You may want to query data or perform analyses in ways that are not possible through the CATMAID client. Scripting the CATMAID client is sufficient for some cases, but others require direct access to annotation data, especially for use in a programming environment like Python or R. For these cases, the same HTTP API that the CATMAID client uses is exposed to other clients.

API Documentation

Documentation for endpoints exposed by the HTTP API is available from the CATMAID server itself via the /apis/ page:


... or, for custom configurations:


The API documentation list groups of related endpoints, like “skeletons”, and specific HTTP methods (“GET”, “POST”, etc.) and URIs for calling each endpoint.


Clicking on one of these endpoints opens detailed documentation including a description of what the endpoint does, what parameters is expects and accepts, and how the response is structured. The form at the bottom of the endpoint documentation allows it to be invoked directly using values provided in the form fields.


Remember that API documentation forms operate on actual data on the CATMAID server. Be careful not to unintentionally destroy or modify data.


Changes to the API are documented in the API changelog.

Undocumented API

Only a subset of the HTTP endpoints exposed by CATMAID are documented. While the documentation attempts to cover endpoints most likely to be useful for external analysis, undocumented endpoints can still be accessed if they are useful.

Undocumented endpoints can be discovered by looking through in the CATMAID source. This file routes URI patterns to Python functions, e.g.:

urlpatterns += patterns('catmaid.control.treenode',
    (r'^(?P<project_id>\d+)/treenode/delete$', 'delete_treenode'),

routes a URI like /{project_id}/treenode/delete to Python function delete_treenode, which is in the file django/applications/catmaid/control/ Using an undocumented endpoint requires inspecting the Python function to see what parameters it expects.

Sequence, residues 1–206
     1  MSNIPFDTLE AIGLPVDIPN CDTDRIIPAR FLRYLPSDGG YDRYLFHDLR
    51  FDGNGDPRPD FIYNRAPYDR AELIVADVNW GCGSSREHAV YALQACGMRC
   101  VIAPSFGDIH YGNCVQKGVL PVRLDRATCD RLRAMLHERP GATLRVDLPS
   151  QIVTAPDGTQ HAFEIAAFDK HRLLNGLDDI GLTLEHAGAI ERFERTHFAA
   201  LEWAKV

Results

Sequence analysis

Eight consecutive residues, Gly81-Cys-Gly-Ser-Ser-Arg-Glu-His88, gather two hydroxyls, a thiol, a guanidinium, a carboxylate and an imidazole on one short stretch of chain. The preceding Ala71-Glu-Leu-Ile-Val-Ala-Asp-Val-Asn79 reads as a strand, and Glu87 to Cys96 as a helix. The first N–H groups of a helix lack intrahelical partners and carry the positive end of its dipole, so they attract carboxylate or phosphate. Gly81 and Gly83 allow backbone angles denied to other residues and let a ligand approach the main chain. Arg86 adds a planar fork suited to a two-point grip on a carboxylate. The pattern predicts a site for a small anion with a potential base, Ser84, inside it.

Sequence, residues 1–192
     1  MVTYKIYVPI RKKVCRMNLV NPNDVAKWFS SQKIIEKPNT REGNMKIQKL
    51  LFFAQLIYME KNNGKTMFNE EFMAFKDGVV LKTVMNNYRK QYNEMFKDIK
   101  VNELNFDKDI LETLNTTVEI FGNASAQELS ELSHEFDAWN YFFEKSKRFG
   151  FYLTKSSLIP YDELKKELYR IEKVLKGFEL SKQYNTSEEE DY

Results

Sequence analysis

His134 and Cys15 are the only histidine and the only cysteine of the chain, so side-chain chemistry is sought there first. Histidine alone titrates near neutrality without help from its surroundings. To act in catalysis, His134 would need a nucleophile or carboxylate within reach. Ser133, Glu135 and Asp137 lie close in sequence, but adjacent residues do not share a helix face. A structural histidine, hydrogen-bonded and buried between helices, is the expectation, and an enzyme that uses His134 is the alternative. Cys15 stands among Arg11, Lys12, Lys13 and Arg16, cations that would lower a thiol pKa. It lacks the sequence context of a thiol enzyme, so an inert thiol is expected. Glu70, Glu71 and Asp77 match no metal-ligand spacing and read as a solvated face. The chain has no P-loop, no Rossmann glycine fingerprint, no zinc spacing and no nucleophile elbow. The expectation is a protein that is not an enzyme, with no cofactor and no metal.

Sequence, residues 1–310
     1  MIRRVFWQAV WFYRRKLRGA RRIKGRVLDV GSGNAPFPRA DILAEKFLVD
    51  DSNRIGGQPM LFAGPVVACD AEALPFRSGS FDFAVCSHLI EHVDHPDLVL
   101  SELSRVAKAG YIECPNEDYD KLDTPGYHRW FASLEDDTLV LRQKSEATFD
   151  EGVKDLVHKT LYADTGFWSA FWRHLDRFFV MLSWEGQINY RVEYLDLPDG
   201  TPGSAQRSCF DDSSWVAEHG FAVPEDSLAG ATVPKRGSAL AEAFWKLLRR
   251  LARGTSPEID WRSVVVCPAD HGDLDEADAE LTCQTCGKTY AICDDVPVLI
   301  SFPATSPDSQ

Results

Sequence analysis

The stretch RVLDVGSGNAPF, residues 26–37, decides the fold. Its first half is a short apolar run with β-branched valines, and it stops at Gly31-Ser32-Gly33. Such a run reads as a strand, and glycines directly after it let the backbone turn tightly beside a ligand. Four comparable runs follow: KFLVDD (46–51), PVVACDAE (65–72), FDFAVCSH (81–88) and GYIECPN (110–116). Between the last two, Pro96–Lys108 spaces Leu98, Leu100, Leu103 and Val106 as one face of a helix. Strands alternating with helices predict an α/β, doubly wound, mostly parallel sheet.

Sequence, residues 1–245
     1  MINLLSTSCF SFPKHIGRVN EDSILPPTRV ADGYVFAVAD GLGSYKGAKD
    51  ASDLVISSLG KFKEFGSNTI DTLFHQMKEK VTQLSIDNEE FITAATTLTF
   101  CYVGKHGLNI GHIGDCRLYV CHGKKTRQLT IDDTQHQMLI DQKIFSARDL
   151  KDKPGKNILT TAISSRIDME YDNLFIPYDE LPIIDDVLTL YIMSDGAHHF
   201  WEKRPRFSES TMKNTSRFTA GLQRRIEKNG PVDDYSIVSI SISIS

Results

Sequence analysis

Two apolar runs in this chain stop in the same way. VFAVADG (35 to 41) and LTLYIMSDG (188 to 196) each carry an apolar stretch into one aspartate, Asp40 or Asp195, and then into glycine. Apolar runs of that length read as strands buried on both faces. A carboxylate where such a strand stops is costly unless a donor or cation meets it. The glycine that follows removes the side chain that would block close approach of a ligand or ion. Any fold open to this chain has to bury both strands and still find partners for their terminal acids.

Note that the undocumented API is considered volatile and changes to it are not included in the API changelog.

API Token

The CATMAID API authorizes requests using an API token tied to user account instead of a username and password. To obtain your API token, open the CATMAID client in your browser, hover your cursor over your name (next to the “Logout” link), and click “Get API token”.


As a security measure, you will be prompted to re-enter your password, then shown your token string.

To use the API token, set the HTTP X-Authorization header on all of your API requests to be “Token”, a space, and the token string, e.g.:

X-Authorization: Token 9944b09199c62bcf9418ad846dd0e4bbdfc6ee4b

CATMAID uses X-Authorization rather than Authorization so that it does not conflict with server-level HTTP authorization.


Requests using your token can do anything your account can do, so do not distribute your token or check it into source control.

Example API Use

Below is a minimal example of accessing the API of a CATMAID server running on localhost using the Requests Python package:

import requests
from requests.auth import AuthBase

class CatmaidApiTokenAuth(AuthBase):
    """Attaches HTTP X-Authorization Token headers to the given Request."""
    def __init__(self, token):
        self.token = token

    def __call__(self, r):
        r.headers['X-Authorization'] = 'Token {}'.format(self.token)
        return r

# Replace these fake values with your own.
token = "9944b09199c62bcf9418ad846dd0e4bbdfc6ee4b"
project_id = 1
object_ids = [42]

response =
        data={'object_ids': object_ids})

Other API Clients

A partial listing of libraries or programs that consume the CATMAID HTTP API:

R bindings for the CATMAID API by Gregory Jefferis.
A Blender-Plugin to pull data from CATMAID by Philipp Schlegel